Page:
Arts & Culture

The need for ‘Black On Black’ art exhibit

Charles Williams’ piece “Hauled Away / San Francisco 1968” explores the 1968 minority student protests in San Francisco and is part of the “Black On Black” exhibit at VAE in Raleigh.
Charles Williams’ piece “Hauled Away / San Francisco 1968” explores the 1968 minority student protests in San Francisco and is part of the “Black On Black” exhibit at VAE in Raleigh.

“Black On Black.” What does it mean?

Usually, we define this in terms of crime. “Black On Black” is a shorthand to describe crime that’s committed by African-Americans against other African-Americans.

But in this exhibition, we turn the phrase on its head. We take the negative and redefine it. We showcase the perspectives of people of color about other people of color.

This is people of color seeing – and celebrating – other people of color. This is who we are, in our own words. This is our depiction of us.

There’s a cycle, and it ends with what we’ve seen in Charlotte recently. Sadness turns into frustration, frustration to anger, anger to wrath and then, for some, violence. Then, when we’re at our lowest, we’re on display. Think right after Hurricane Katrina. Think right after Mike Brown was killed in Ferguson, Missouri. Think Charlotte right after what happened to Keith Lamont Scott.

What we see today mirrors what would happen in the past when black men were routinely hung in the middle of the street and put on display. Now, there are just more eyeballs because media is so prevalent. But how do we get to this place, the end of this cycle? And how do we move beyond that?

Consider this: I’m African-American. I’m blessed to have had great interactions with law enforcement. I’ve also been questioned in my own neighborhood multiple times just for, you know, being in my neighborhood. I’ll be jogging or mowing my lawn. Police will start driving slowly past me, staring like I’m a zoo animal. Neighbors have done the same thing.

“Are you the homeowner?” “How long have you lived in this neighborhood?” I’ve been asked those questions on multiple occasions. In my own neighborhood. At my church building. I understand why. But it still stings, still leaves a sore spot on my heart.

Couple those experiences with seeing African-American men murdered in the street over and over and over again. In my opinion, that’s at least partly how we get to incidents like the protests Charlotte and Ferguson. It’s not that, as U.S. Rep. Robert Pittenger of Charlotte suggests, protesters “hate white people because white people are successful and they’re not.” No, sir, not even close.

I don’t in any way condone violence. Not at all. There’s no excuse for shooting at police, who are sworn to protect us. There’s no excuse for shooting at our own people or anyone else. I urge protesters to be peaceful.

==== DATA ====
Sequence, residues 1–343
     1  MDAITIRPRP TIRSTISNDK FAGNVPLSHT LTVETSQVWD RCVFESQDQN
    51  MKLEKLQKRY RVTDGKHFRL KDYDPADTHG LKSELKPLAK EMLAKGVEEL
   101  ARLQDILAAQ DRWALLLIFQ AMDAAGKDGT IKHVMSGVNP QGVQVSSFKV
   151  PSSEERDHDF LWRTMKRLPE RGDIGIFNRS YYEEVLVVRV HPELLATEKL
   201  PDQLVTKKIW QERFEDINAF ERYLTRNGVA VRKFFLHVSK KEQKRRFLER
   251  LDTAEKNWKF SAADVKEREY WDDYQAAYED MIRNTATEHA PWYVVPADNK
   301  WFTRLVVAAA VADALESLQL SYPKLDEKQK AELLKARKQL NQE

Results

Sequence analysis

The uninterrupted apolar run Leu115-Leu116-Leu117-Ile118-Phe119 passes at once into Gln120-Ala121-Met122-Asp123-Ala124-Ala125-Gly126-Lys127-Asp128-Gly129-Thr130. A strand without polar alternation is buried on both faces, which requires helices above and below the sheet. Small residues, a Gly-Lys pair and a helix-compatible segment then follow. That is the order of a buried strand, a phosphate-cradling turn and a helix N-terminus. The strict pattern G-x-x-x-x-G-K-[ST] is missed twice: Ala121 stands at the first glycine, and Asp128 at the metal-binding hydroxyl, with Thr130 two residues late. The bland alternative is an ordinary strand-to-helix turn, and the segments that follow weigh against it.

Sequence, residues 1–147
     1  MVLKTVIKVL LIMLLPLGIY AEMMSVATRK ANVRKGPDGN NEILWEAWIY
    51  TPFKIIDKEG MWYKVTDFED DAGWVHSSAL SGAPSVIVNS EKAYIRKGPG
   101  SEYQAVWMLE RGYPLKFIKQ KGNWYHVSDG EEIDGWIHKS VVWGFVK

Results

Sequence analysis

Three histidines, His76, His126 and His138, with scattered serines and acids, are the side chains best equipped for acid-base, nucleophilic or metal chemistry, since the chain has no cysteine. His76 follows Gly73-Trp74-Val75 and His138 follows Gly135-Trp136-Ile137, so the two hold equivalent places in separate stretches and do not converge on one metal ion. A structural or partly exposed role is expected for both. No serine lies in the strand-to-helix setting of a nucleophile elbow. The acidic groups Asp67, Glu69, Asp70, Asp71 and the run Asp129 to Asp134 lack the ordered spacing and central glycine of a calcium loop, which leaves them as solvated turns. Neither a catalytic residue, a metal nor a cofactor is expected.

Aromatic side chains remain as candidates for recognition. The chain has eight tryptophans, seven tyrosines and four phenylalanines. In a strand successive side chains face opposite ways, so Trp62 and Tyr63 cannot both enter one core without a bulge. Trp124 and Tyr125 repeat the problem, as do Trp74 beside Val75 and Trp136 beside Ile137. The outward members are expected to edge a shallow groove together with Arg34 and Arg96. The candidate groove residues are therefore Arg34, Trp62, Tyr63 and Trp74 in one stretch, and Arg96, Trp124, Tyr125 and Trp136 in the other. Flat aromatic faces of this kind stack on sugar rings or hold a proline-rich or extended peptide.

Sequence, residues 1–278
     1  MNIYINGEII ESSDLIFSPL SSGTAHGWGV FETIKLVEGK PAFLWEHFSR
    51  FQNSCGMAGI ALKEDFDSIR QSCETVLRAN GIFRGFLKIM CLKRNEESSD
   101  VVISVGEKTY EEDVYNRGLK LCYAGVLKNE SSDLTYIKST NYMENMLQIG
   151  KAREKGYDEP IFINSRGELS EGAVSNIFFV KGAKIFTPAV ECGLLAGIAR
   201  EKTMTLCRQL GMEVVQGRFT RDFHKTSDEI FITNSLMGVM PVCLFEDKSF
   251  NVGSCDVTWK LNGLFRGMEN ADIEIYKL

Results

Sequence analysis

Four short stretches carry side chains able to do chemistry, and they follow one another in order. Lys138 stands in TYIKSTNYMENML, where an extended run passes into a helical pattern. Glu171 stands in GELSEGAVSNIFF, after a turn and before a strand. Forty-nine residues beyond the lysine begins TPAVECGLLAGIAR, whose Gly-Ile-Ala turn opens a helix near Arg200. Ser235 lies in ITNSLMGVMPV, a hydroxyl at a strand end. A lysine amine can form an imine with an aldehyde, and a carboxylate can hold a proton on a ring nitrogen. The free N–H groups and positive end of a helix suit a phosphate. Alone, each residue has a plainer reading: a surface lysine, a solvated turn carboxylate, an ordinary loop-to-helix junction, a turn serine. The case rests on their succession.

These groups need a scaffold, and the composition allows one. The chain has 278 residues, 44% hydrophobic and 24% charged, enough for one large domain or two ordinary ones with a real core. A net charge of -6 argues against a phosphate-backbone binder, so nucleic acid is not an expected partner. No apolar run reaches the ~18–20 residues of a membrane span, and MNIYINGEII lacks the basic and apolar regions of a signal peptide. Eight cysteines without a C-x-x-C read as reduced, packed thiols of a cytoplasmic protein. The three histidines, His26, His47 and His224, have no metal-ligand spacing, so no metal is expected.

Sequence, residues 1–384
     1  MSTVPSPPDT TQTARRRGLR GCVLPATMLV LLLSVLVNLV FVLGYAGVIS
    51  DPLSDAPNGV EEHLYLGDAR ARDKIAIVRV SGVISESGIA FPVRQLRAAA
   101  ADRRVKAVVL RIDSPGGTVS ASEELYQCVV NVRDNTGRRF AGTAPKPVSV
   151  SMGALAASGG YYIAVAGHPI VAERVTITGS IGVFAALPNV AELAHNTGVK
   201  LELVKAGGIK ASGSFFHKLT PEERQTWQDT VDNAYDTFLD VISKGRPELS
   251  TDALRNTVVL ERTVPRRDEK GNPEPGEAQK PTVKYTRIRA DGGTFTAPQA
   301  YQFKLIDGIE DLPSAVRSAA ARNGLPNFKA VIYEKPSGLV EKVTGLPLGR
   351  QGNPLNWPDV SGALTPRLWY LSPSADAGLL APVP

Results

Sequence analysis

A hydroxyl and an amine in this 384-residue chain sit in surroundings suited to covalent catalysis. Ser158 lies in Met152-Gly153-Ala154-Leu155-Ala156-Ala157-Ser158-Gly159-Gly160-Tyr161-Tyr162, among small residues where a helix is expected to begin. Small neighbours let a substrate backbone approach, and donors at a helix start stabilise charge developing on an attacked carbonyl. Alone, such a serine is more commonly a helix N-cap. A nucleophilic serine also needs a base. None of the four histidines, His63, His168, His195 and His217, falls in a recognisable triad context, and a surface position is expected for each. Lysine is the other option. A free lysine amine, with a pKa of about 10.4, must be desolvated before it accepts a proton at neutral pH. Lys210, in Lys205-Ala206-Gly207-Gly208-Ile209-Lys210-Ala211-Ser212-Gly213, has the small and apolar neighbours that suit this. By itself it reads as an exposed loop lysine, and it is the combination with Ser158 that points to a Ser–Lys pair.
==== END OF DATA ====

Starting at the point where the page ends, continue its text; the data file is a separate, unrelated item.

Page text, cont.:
But can we at least – without condoning or judging – understand why sometimes, for some, it gets to the point where there seems to be no other alternative but violence?

Let’s look for ways to interrupt the cycle and practice empathy. Let’s understand each other better. The artists and works in this exhibition break down the figurative walls in society and speak to the frustration, anger, pride, history and beauty that people of color feel every day. The exhibition allows the conversation about our differences to continue in a respectful, meaningful and caring way.

The need for such a conversation becomes greater every day, and VAE Raleigh is a catalyst in this.

In this exhibition, we try to answer the following:

▪ Whose perception defines people of color?

▪ Why is there fear among many when it comes to people of color?

▪ How can we help dismantle stereotypes?

Through artwork and community events, I think we can at least begin to answer these questions and look for solutions. We also hope to educate people on where we have been, where we are and where we need to go.

The exhibition offers a historical perspective with works by André Leon Gray, Lamar Whidbee and Charles Williams, the latter’s piece “Hauled Away / San Francisco 1968” explores the 1968 minority student protests in San Francisco. Antoine Williams and Jamila Davenport offer works that speak to the perceptions of people of color, with Davenport offering portraits of black men in front of the American flag. Saba Taj and William Paul Thomas show Muslim women and black men smiling and sharing moments of happiness in their works. Carrie Nobles and Dare Coulter show the beauty of black women and girls. Darryl Hurts’ work seeks to motivate and inspire with artwork of minority celebrities such as Lauryn Hill.

A huge part of VAE’s mission is to show how accessible the arts community is. So as curators, Linda Dallas and I asked our programming committee to help with events related to “Black On Black” that will hopefully not only open the doors, but keep them propped open so we can continue to share all that the arts community offers.

Art is one of the best ways to express our thoughts, feelings and insecurities. We hope to keep the civil dialogue going in the right direction and art is one tool to do that.

That’s why we need “Black On Black.”

Mike Williams is the managing editor of and the co-curator of the exhibit “Black on Black.”


Exhibit: “Black On Black”

Exhibition statement: History and society haven’t always been truthful or kind in the depiction of people of color. But whose depictions are they? “Black On Black” is an exhibition where curators of color asked artists of color to share their thoughts on identity in their own voice. Contribute to the conversation using the hashtag #BlackOnBlackVAE. The exhibit is curated by Linda Dallas and Mike Williams.

When: Oct. 7-27

Where: VAE Raleigh, 309 W. Martin St., Raleigh

First Friday reception: 6-10 p.m., Oct. 7